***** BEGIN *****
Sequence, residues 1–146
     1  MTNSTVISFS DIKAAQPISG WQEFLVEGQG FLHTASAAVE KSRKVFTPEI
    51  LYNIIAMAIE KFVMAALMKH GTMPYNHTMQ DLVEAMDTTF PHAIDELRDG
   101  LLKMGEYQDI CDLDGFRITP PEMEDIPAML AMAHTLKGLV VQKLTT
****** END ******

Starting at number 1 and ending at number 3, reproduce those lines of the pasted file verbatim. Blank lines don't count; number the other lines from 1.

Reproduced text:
Sequence, residues 1–146
     1  MTNSTVISFS DIKAAQPISG WQEFLVEGQG FLHTASAAVE KSRKVFTPEI
    51  LYNIIAMAIE KFVMAALMKH GTMPYNHTMQ DLVEAMDTTF PHAIDELRDG